Wild American Hazelnut grows to 8 feet in hedgerows and moist woodlands. Beaked Hazelnut, which ranges farther north, sports a protuberance at the top of the husk. Ripe nuts have thin shells and sweet meats that can be eaten raw, roasted, or ground into flour. For a rich cookie treat, find a recipe for “pecan sandies” and substitute ground hazelnuts in place of pecan meal.


Add wild nuts to your repertoire and you’ll enjoy a rich gustatory tradition of living close to the land.


*carbon nutprint: A small portion of a nut-eater’s carbon footprint.


Article adapted with permission from “Through a Naturalist’s Eyes: Exploring the Nature of New England” by Michael J. Caduto (University Press of New England, 2016)


What to do with your household hazardous waste?

by Amanda Kuhnert

Every week we place our trash and recyclables on the curb for pickup or deposit them at the town transfer station. But what about our household hazardous waste? According to the EPA, the average home can accumulate up to 100 pounds of hazardous waste. Improper disposal of these materials poses serious health, safety, and environmental risks.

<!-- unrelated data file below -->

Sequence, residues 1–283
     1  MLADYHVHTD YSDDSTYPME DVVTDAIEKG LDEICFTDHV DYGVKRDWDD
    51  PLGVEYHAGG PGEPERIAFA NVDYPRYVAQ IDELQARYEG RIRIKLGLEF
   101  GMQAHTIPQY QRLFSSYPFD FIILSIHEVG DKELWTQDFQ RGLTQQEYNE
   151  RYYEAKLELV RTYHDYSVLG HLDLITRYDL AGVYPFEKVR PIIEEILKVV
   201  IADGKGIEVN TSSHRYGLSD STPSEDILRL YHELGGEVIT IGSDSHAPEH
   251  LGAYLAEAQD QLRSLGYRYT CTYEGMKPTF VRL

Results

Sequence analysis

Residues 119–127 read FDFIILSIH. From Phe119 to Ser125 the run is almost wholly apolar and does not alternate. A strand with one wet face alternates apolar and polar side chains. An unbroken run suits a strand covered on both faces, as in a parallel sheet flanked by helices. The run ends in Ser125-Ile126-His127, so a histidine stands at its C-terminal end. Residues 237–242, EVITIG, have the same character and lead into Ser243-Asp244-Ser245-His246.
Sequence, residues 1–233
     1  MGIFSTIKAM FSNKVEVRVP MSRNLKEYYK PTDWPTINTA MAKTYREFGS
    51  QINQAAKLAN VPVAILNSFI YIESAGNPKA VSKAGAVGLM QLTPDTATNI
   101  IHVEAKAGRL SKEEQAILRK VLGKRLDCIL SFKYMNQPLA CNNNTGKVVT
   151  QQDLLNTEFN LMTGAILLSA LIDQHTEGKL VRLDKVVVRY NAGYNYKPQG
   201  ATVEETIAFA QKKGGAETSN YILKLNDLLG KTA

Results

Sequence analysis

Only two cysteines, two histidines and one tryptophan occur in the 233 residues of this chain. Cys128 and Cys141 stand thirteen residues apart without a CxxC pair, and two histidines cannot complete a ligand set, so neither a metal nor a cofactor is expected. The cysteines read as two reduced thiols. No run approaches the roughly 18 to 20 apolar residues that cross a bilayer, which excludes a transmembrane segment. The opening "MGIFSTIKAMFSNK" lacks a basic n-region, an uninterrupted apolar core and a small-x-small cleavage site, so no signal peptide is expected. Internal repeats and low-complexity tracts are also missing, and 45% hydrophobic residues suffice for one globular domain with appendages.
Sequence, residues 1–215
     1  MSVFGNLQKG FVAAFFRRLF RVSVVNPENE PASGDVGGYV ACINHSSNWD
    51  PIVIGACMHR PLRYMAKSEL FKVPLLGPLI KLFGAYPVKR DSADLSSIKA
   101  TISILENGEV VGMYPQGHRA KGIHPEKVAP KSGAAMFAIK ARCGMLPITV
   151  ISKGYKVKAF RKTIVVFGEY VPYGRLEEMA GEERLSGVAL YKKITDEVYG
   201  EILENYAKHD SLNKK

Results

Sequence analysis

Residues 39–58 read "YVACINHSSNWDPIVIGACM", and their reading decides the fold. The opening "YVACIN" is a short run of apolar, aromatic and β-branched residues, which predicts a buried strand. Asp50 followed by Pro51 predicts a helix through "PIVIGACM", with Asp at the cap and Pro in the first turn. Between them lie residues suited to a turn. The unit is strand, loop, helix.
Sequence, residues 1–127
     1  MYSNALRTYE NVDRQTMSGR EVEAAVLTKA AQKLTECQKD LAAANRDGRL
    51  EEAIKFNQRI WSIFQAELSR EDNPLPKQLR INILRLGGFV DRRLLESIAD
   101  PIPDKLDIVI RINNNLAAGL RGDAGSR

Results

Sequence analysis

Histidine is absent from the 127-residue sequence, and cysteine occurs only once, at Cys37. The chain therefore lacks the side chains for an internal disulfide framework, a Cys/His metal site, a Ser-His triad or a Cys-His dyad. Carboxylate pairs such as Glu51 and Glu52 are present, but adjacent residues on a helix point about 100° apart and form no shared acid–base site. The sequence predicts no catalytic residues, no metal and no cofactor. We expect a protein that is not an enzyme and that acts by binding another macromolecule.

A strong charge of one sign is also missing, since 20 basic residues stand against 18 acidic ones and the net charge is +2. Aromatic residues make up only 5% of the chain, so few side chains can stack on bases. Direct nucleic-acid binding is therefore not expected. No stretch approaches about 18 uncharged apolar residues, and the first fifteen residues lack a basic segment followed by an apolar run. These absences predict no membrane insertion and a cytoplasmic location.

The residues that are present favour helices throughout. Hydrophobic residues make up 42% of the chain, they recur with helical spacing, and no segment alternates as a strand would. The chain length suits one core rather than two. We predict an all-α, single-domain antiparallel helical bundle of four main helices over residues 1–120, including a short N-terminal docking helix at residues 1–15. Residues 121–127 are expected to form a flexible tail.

What does this include? Medicines, chemicals, paints, lightbulbs, spray cans, fertilizer and pesticide containers, batteries, automotive products, and shoe polish. When these items end up in a landfill, they eventually seep into the environment, contaminating our air, water, and food.

There are steps you can take to reduce toxic chemicals in your home and limit the negative impact of hazardous waste on the natural world. Here are some ideas:

  1. Limit your purchase of products with hazardous ingredients. For example, opt for a plunger or plumber’s snake instead of drain cleaner. Use natural cleaning products like diluted vinegar and lemon juice for glass, countertops, and furniture. This site has some great recipes for homemade household cleaners: www.naturallivingideas.com/homemade-cleaning-products.
  2. Use eco-friendly fertilizers and biopesticides, derived from animals, plants, bacteria, fungi, and minerals. You can pull weeds by hand, use food-grade diatomaceous earth to get rid of insects, and ward off bugs with garden fabric and row covers.